History is replete with tales of battles and wars fought over the control of valuable saltworks. The El Paso Salt War was an 1860s century guerrilla war that involved the Texas Rangers as well as Mexican and Tejano inhabitants near the Rio Grande.
Most major empires have relied on salt as a key commodity to gain wealth—and have used salt taxes to extract money from their empires. Salt taxes have spurred widespread protest in diverse historical eras and places.
As early as 300 BC, Chinese leaders placed taxes on salt to raise revenue. Salt taxes constituted over one-half of China’s revenue during imperial times, contributing to the construction of the Great Wall. Salt was taxed in ancient Rome, helping finance a massive “Salt Road,” and Salt Wars were waged in the 1500s by cities rebelling against Pontificate rule. In modern times, salt taxes have sparked revolutions in France, America, and India.
While the “Boston Tea Party” persists as a famed American event, a deeper dive into the history shows that salt also played an important role in the colonists’ nonviolent resistance against the British Empire. The tea tax that sparked the Boston Tea Party was one of a set of tax laws, including one on salt. For colonists, salt was especially important for storing food through the long, cold New England winters and for bolstering the colonies’ economies, as fisheries exported salted fish. Yet there were no saltworks along the North American coastline; colonists had to import their salt from the British Caribbean. In order to politically protest the British tax on salt, the colonists launched a boycott and built their own saltworks. Colonists in Cape Cod, for example, innovated new ways of producing salt in response to the call for American-made salt.
Salt taxes were a crucial spark for the French Revolution. A salt tax—gabelle in French—had been deployed by the French government since the 14th century; it would stay in place, with brief lapses, until the twentieth century. But the French peasantry saw the gabelle as a brutal symbol of inequality. Before the 18th century, 3,000 French citizens annually were imprisoned, sent to the galleys, or even put to death for crimes against the gabelle, such as smuggling salt. Yet nobility and high-ranking officials were exempt from the gabelle and often paid less for salt. After the French Revolution unfolded at the end of the century—championing the values of fraternity and equality—one of the first acts taken by the new National Assembly was to repeal the salt tax. This symbolic freedom was short-lived; Napoleon reinstated the gabelle after he took power.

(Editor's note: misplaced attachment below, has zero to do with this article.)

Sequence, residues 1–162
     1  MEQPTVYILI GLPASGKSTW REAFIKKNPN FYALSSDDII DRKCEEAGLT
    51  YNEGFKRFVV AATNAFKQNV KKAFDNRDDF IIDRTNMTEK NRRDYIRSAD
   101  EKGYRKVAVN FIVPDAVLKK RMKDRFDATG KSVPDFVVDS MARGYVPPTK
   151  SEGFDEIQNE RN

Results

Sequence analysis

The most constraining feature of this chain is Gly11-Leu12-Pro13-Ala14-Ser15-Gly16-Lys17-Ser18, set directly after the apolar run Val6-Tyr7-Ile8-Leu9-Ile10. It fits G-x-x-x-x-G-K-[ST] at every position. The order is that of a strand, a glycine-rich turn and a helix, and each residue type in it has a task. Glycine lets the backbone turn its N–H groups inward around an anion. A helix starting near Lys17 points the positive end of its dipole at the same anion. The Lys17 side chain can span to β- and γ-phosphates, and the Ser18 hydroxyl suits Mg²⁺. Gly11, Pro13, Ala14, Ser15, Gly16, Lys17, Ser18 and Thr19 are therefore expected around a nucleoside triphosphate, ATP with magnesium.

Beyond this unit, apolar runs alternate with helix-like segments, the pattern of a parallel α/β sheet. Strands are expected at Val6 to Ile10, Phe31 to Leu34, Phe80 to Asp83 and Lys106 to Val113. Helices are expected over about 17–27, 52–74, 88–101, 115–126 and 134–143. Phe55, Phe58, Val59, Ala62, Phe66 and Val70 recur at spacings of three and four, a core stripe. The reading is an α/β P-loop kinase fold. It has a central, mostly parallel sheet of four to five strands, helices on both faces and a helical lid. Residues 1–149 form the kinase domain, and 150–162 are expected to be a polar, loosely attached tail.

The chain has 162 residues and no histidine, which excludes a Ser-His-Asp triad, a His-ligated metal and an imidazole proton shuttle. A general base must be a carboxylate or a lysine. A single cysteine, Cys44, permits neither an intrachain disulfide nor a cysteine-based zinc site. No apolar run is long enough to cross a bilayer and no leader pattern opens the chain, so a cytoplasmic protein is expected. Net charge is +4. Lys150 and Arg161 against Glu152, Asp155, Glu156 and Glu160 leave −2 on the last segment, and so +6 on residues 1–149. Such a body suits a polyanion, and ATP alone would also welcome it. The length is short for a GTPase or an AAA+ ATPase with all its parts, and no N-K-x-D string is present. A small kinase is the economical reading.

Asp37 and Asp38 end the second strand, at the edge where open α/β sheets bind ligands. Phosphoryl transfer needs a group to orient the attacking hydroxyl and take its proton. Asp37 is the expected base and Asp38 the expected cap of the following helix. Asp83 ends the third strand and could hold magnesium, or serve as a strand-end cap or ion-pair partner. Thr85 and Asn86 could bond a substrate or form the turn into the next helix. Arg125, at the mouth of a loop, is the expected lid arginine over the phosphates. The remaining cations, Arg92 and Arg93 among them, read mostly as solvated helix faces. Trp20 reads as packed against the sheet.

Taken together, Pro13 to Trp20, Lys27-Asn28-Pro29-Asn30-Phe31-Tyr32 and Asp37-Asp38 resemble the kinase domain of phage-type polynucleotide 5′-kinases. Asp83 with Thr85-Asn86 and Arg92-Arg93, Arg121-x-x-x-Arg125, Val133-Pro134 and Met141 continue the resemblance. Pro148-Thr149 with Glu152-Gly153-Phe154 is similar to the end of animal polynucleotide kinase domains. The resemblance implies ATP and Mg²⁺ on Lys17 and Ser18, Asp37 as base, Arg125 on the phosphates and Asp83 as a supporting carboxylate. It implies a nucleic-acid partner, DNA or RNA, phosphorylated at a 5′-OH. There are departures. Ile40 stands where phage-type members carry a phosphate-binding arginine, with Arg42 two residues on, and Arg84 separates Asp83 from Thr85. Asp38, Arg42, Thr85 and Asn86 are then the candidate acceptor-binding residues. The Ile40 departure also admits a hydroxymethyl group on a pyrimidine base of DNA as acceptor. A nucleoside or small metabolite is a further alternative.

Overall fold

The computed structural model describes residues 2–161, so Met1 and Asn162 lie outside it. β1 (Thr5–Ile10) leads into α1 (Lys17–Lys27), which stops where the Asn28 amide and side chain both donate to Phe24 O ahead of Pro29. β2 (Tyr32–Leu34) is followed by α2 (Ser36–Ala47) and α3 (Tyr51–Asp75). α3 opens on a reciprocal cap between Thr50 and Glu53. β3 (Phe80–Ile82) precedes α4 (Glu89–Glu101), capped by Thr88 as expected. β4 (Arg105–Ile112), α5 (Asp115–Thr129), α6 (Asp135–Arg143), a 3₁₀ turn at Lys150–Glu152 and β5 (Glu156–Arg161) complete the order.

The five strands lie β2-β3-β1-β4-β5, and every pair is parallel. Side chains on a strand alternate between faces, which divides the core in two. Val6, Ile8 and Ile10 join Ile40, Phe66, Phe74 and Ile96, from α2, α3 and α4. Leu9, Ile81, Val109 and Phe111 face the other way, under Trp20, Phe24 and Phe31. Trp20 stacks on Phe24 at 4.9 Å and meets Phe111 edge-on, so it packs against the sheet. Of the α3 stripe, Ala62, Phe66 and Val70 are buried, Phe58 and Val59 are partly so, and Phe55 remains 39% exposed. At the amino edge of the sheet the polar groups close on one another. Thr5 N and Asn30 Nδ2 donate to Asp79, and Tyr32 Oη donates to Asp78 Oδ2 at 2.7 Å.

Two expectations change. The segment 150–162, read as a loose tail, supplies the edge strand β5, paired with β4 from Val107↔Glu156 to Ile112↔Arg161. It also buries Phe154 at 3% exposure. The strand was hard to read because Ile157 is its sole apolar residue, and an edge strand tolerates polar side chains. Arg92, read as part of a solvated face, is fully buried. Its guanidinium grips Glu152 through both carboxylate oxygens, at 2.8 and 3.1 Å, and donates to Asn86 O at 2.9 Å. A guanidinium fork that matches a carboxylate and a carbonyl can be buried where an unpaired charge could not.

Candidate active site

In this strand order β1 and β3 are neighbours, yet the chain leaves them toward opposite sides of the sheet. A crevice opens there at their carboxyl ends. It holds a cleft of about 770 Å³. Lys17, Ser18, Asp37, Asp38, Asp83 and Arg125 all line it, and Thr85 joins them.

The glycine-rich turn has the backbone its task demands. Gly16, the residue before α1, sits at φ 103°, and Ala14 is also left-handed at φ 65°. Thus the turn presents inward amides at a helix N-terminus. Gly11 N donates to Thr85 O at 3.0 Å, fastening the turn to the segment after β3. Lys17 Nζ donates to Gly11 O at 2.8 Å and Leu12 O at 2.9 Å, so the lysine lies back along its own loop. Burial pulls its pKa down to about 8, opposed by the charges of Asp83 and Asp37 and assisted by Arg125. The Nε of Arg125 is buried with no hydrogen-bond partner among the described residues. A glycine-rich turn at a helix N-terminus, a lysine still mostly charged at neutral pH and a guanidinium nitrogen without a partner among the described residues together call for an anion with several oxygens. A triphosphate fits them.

Perhaps the most striking example of salt’s political symbolism comes from India. In the mid-twentieth century, Mahatma Gandhi launched a nonviolent resistance campaign for Indian independence from British imperial rule. A centerpiece of this campaign was the 1930 “Salt March.”
The British Empire was enforcing a strict monopoly on salt production in colonial India; they operated the saltworks for profit and taxed Indians exorbitant amounts for their salt purchases. According to the historian David Gross, Gandhi consciously picked salt as a protest focus because it represented democracy and unity. Everyone in India, no matter what class or income level, needed salt to eat and live. Justifying the choice, Gandhi said that “Next to air and water, salt is perhaps the greatest necessity of life.”
Gandhi led a massive coordinated effort to make and sell Indian salt, boycotting British-made brands. With his followers, he embarked on a 24-day “Salt March” of over 240 miles. He plucked grains of salt from the ground at the end to break the stringent British salt laws and symbolically launch the Indian civil disobedience campaign, which was ultimately successful.